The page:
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With the online word puzzle Wordle soaring in popularity, Start Licensing’s Ian Downes looks at how Wordle could expand into consumer products and live experiences.
Wordle is certainly grabbing people’s attention. I heard a long chat about it on Radio 5 recently centred on the spelling of ‘favor’. This is encouraging from a licensing point of view.
A challenge for Wordle to enter the licensing market will be design assets and brand identity.
Scrabble is a great example of a word-based game that has had some success in licensing. A particular highpoint for the brand was a gifting range developed by Wild & Wolf that made use of the individual letters and tiles. Wild & Wolf used this iconic design to create items like mugs, coasters and keyrings featuring individual letters. They merchandised the range well with the whole alphabet being available making it a very popular gift range.
Wild & Wolf also used Scrabble’s branding and colourways well, picking up on box art to create point of sale materials which tapped into the brand well. Scrabble has also featured on items such as National Lottery scratch cards, gaming machines and in promotions. It’s a good role model for other word-based games.
One area that might work for Wordle is newspaper syndication. Many papers and magazines have puzzle pages. Content-wise, they often buy in branded content from syndication agencies. Scrabble has been used in this way and with careful curation this could be an opportunity for Wordle as could publishing in general.
Given the creativity in the world of toys and games, it would be no surprise to see Wordle working in board games. A challenge will of course be translating the gameplay into new formats and having content that is enduring… That said, I suspect these challenges would be well met by development teams.
A further opportunity for Wordle could be in the world of TV. Games shows like QI, Countdown and Only Connect have shown that word challenges and ‘thinking’ quiz shows have a market. It’s possible that with new technology and a thoughtful approach to the format, Wordle could work in the world of TV. A successful show could potentially be sold internationally and create a platform for further consumer product development.
With advances in technology there could also be opportunities for Wordle to develop partnerships with companies like train and airline companies, with travellers having the opportunity to play on the go and perhaps compete with other travellers.
Given that leisure operators are looking for new ways of engaging with consumers by leveraging brands, it’s not unrealistic to think of Wordle being used for social gaming in the leisure sector. Companies like Electric Gamebox have created social gaming environment and other operators have found ways to develop experiences featuring sports like golf and clay pigeon shooting. Why not word games?
Promotions and advertising could be another outlet for Wordle. Given the nature of the game and the focus on 5 letter words, it could well translate into advertising campaigns for brands with five letter names or potentially create opportunities for ‘collabs’ with characters. One close to home for me springs to me: Morph and Wordle might be well matched!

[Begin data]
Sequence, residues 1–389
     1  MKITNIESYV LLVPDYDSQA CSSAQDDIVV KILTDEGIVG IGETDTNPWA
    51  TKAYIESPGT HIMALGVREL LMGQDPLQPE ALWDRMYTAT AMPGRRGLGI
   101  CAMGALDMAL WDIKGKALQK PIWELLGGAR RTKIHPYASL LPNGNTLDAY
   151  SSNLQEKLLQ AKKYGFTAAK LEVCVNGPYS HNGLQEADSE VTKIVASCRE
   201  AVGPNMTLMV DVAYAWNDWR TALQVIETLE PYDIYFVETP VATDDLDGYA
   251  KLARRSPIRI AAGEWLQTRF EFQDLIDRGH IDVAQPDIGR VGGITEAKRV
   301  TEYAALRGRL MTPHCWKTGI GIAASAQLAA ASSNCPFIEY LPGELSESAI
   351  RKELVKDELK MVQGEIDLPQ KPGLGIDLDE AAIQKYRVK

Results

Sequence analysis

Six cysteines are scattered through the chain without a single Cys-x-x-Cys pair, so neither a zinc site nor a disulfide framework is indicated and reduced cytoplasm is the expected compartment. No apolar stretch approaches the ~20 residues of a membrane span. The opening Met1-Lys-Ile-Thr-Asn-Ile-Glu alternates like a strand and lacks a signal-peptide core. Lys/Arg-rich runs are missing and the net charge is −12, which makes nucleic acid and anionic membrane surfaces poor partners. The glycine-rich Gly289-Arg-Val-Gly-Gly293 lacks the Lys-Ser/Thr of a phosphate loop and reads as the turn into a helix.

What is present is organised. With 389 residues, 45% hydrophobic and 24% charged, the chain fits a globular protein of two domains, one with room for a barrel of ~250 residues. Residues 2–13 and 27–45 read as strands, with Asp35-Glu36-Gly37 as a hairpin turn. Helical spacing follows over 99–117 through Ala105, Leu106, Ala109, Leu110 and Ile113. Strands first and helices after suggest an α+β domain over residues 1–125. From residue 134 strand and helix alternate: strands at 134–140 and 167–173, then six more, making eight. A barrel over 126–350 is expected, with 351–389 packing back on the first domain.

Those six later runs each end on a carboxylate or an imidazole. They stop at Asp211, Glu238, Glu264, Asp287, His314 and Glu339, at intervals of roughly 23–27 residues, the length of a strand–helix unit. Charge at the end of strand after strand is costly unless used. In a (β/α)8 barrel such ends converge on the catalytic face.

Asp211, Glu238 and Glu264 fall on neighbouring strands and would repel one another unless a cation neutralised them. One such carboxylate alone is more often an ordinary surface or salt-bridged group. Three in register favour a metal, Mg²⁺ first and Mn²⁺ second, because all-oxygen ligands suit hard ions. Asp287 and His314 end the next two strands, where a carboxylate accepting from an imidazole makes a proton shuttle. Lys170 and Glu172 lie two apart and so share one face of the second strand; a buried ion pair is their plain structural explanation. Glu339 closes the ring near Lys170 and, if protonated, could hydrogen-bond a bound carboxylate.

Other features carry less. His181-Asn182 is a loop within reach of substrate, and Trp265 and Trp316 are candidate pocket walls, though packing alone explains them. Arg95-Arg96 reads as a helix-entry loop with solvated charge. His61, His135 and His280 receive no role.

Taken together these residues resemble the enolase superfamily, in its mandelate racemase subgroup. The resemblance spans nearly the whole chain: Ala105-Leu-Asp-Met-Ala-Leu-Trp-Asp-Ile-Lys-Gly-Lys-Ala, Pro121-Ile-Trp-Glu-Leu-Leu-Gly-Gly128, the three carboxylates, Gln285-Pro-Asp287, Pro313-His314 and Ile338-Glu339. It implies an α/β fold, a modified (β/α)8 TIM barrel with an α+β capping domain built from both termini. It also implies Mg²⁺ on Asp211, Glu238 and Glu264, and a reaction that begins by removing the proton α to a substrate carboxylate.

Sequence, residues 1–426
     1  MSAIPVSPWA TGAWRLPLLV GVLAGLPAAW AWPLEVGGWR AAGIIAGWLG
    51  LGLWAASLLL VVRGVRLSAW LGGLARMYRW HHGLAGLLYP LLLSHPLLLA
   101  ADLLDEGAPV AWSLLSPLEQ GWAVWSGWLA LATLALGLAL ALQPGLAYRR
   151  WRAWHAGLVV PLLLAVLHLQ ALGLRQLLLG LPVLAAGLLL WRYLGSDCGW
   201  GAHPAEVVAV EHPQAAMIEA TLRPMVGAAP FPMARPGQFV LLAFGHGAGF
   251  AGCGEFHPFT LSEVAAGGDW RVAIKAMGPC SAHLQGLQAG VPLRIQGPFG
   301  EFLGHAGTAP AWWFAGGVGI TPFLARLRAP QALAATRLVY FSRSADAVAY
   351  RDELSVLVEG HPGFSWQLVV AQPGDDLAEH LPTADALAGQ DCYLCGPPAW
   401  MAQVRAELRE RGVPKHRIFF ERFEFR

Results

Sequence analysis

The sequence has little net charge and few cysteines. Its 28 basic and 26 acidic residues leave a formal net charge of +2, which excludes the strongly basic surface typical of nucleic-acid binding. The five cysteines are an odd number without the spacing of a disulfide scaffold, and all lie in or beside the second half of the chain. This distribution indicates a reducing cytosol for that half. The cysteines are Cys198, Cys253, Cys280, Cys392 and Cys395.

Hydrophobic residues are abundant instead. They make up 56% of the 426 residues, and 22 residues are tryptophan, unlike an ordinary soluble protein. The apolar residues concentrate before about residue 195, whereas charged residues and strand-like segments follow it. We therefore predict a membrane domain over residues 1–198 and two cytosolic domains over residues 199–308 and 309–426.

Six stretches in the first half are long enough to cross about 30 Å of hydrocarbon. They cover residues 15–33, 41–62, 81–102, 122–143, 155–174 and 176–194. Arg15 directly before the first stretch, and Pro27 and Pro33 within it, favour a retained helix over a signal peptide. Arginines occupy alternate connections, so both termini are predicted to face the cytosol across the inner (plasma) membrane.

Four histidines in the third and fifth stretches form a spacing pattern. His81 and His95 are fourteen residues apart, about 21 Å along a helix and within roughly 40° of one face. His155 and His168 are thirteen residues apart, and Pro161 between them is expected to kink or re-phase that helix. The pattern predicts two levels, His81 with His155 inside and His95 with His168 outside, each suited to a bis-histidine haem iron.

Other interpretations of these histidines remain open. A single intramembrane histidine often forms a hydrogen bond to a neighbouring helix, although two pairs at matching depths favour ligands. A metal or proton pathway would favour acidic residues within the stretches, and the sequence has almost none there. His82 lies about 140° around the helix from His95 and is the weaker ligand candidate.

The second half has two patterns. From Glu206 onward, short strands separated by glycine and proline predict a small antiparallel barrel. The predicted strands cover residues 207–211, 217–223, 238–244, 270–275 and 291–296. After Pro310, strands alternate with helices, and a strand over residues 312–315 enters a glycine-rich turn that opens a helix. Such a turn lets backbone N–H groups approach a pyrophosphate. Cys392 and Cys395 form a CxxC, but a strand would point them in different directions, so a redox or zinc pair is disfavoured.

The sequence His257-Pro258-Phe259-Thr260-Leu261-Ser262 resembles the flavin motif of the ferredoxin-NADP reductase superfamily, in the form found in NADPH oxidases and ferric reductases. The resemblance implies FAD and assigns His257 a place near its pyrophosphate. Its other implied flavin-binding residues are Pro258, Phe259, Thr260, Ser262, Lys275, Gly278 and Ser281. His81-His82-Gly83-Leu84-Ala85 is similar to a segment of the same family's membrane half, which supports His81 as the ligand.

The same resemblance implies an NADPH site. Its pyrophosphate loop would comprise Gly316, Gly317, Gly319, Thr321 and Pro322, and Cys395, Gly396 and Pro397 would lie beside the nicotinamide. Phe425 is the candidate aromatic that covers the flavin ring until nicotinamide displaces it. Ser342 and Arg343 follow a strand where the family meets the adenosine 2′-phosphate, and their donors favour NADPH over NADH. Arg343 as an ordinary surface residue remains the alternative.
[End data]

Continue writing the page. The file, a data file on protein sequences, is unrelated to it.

I asked Jon Morse, Senior Designer at Tomato Source about Wordle’s brand potential – and the reasons behind its popularity. He said: “Allowing users just one game per day positions Wordle in an almost unique position in the mobile gaming market. It doesn’t try to upsell, cross-sell, or, well, sell anything apart from a brief brain exercise. Wordle is addictive simply because it is good – not because it adopts any of the ethically questionable tactics usually adopted in online gaming to keep us all addicted.”
Jon continued: “While brands are coming under ever-increasing scrutiny, Wordle could position itself as the antithesis to unscrupulous money-grabbing gaming brands. It’s rare for such a popular game app to not require anything in return for its use (payment, data…), which is why Wordle ‘the brand’ could have great synergy with altruistic enterprises. A ‘special edition’ Wordle could be created to support the campaign of a charity such as Great Ormond Street Hospital. It could branch out into physical publishing within the brain puzzles space or be expanded into a larger board game format – all with a charitable profit-share licensing model behind it.”
At the moment, Wordle seems to be on the rise and has attracted a lot of attention. Licensing-wise, this is encouraging and I’m sure it has piqued people’s interest. Of course, to succeed in licensing, any brand has to have a degree of longevity and ongoing consumer engagement.
I am sure creative licensing people will rise to challenge of creating relevant licensed products for Wordle. It will be important that the game remains popular, but given its current success, it’s reasonable to think it will have longevity.
Of course, the owners may not want to get involved in licensing. It isn’t for all brands and brand owners, but Wordle seems well placed to give it a go.
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